How would you assess Ghana’s efforts to improve the business environment?
Ghana’s efforts at creating opportunities for both local and international businesses are commendable. Despite being a leading African destination for foreign direct investment (FDI) in the mid-1990s, Ghana slipped into an economic crisis in 1998, recovered and liberalized its economy in the mid-2000s, and has not looked back since. In the early 2000s, the government announced its “golden age” for business to boost private sector development, regional integration, and good governance. This came with a raft of policies that led to the opening up of the economy for investors in the mining, financial, and telecommunications sectors of the economy. The discovery of oil in commercial quantities in 2007 further opened up the economy for business. In 2013, the country amended the Ghana Investment Promotion Centre Act to boost the management of the country’s investor relations.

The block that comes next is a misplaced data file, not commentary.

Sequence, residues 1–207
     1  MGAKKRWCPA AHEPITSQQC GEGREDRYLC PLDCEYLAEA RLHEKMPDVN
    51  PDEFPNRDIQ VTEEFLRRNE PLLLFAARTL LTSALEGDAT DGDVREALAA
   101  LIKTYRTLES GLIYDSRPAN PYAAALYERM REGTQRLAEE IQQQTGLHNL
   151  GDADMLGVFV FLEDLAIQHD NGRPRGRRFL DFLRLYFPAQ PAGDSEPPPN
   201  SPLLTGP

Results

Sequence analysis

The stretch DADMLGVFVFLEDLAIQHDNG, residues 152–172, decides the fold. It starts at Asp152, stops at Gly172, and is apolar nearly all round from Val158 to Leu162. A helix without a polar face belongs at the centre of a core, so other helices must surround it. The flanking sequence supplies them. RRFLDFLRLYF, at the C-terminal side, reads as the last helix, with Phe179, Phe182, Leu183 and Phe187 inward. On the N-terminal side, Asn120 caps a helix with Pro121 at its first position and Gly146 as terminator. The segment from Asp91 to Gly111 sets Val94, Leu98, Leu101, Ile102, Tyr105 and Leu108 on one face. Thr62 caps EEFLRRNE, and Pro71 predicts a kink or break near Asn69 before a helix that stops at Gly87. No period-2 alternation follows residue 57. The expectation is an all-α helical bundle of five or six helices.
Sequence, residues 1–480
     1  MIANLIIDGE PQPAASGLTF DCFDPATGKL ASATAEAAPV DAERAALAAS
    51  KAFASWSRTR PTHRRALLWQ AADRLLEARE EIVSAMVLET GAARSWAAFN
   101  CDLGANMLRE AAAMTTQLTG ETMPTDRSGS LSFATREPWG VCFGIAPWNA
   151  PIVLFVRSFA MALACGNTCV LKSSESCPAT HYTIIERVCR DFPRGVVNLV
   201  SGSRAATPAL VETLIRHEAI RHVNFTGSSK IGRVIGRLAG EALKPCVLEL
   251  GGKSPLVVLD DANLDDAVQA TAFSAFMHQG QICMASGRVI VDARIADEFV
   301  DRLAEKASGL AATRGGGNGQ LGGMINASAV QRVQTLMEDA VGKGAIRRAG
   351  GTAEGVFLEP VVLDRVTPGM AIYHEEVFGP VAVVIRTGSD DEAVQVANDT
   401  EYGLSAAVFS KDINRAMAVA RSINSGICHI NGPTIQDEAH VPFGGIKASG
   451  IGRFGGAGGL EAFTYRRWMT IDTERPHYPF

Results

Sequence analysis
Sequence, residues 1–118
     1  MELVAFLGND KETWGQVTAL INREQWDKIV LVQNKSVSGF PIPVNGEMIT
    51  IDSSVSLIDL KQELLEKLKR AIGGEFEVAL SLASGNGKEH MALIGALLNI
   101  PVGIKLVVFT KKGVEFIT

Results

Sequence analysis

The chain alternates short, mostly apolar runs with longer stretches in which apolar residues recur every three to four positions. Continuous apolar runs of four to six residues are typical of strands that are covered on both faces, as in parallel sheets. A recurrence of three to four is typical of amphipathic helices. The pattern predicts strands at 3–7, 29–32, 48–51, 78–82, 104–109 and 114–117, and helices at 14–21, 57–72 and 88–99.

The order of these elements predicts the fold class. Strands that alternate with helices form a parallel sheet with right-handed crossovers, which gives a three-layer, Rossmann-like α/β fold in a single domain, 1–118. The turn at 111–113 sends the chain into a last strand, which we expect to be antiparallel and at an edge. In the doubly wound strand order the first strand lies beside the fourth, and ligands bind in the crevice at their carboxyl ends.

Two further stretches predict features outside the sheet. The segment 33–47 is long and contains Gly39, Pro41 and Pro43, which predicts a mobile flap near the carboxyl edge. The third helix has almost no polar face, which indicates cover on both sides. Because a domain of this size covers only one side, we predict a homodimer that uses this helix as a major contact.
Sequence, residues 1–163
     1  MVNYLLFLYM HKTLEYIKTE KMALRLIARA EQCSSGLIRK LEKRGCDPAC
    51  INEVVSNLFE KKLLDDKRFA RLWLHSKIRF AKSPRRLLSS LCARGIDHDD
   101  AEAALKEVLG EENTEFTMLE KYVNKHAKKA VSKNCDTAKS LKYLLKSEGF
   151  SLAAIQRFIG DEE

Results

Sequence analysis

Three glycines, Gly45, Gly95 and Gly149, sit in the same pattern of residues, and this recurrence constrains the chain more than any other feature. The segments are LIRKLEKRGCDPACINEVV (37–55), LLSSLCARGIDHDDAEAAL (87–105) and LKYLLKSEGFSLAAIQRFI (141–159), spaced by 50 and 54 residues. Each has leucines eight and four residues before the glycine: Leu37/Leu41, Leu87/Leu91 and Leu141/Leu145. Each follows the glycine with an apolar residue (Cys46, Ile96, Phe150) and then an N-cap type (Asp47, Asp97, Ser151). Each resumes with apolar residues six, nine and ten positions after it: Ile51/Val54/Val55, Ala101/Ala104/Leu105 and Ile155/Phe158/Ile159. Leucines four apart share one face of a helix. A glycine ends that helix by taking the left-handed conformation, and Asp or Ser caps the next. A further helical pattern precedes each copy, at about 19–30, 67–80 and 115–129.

The country remains in the top ten investment destinations on the continent thanks to its political stability and investment policies. The current administration has prioritized FDI to support economic diversification and industrialization in key sectors. But there are still sizable challenges in the business environment range: high energy costs, unstable supply of utilities, weak currency, land tenure issues that complicate acquisition and registration, local content requirements in certain sectors, and corruption.
We often hear that Ghana is “an exception” in West Africa. Does that mean we have to have a “differentiated approach” to this country in terms of economic transformation?